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Beatrice Coleman ’25, a retired Rhode Island schoolteacher, died April 3—just shy of her 110th birthday, April 20. 

Mary Beth Meehan
Beatrice Coleman '25, plays a piano at the nursing home where she lived. 
The granddaughter of slaves, Coleman grew up in Providence, reared by her mother, who worked an errand girl for a local dressmaker; and grandparents, a watchman and practical nurse-midwife. “They didn’t want me to cook, wash, iron, and wait on white folks,” she told the Brown Alumni Magazine in a 2008 interview. 

Coleman wanted to attend Howard University, where two of Rhode Island’s first black doctors had gone, but her family couldn’t afford to send her so far away. So she remained in Providence, living at home because black students weren’t allowed to live in the dormitories then. “They had to lodge with colored families in town,” she told Jane Lancaster ’98 PhD in an oral history for the Pembroke Center’s Christine Dunlap Farhham ’48 Archives. Still, Coleman told the BAM, she didn’t recall being discriminated against by her fellow students. She majored in Latin and history and joined the African American sorority Alpha Kappa Alpha. Pembroke and AKA became her lifelong passions. 

Even with a Brown degree, Coleman had difficulty finding a teaching job after graduation because of racial restrictions in the Providence schools. So she began her career teaching Latin in Pennsylvania and New Jersey. When Providence eliminated its restrictions, she returned home, where she directed a nursery school before joining the Emma P. Bradley Hospital’s school department. Announcing her appointment to its permanent staff in 1961, the hospital newsletter described her as “a Negro with attractive coloring and a mobile face that lights up when she talks about the children in her charge.” Coleman is quoted as saying that her devotion to her work stemmed from "my love for children, my tremendous interest in the mind, a chance for practical application of theories learned in college, and the many notes received from fomer patients."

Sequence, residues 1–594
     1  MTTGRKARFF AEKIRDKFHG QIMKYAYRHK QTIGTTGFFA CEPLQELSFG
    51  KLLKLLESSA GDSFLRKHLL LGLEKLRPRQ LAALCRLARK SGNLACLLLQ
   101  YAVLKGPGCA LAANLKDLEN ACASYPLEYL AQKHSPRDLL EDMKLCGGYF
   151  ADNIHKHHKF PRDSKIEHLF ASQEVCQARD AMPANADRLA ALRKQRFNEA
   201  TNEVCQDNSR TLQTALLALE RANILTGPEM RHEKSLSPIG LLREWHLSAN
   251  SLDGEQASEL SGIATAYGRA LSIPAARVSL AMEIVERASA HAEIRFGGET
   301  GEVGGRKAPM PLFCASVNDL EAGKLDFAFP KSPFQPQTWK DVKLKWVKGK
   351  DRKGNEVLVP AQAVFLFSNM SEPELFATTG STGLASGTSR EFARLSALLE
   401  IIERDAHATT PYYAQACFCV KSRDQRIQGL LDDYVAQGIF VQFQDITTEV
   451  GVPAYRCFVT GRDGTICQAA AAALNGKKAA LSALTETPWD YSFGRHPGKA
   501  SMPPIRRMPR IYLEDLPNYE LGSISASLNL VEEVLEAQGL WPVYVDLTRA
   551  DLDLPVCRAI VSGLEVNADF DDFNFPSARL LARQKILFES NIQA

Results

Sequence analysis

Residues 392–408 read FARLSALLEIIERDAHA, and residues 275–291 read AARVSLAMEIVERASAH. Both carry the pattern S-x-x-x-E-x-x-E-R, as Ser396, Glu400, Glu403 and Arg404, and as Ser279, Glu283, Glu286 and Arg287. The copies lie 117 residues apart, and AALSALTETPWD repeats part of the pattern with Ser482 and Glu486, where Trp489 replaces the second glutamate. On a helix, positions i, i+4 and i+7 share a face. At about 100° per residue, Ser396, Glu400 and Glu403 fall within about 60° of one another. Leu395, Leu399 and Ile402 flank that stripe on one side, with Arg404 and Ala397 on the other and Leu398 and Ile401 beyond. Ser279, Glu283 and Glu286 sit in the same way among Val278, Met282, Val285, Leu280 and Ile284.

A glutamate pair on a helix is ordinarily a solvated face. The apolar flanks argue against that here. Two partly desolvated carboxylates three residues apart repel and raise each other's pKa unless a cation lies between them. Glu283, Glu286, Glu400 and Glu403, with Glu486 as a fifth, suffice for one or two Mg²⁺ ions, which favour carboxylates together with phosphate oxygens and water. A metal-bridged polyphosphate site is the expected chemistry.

Coleman retired from Bradley in 1969, and in 1970 she filled out a Pembroke reunion form asking for “My most rewarding experiences since I left college.” Her reply: “To attend the graduation exercises of a former pupil from the R.I. School for the Deaf. Pupil was non-verbal while at Bradley Hospital, but quite alert.”

A permanent member of the NAACP, Coleman was secretary of the New England Regional Conference. She was president of the African American women’s club The Criterion Club, and served on the scholarship and the public relations committees of the Rhode Island Association of Colored Women’s Clubs. She was also active in the Providence and Cranston Girl Scouts and the Salvation Army Settlement and Day Care Center. 

A longtime church organist Coleman played the piano for her neighbors at Tockwotten House, the Providence assisted living home where she spent her last years.

She had no children and remained single all her life. “I didn’t want no man telling me what to do,” she told the BAM in typically forthright fashion. “It’s bad enough having a governor or president.” 

Read the original BAM interview here.


Comments (1)
Those of you who are keeping score in the debate over the existence of white privilege, please note that one man's "racial restrictions" are another man's soul- (and career) killing oppression.
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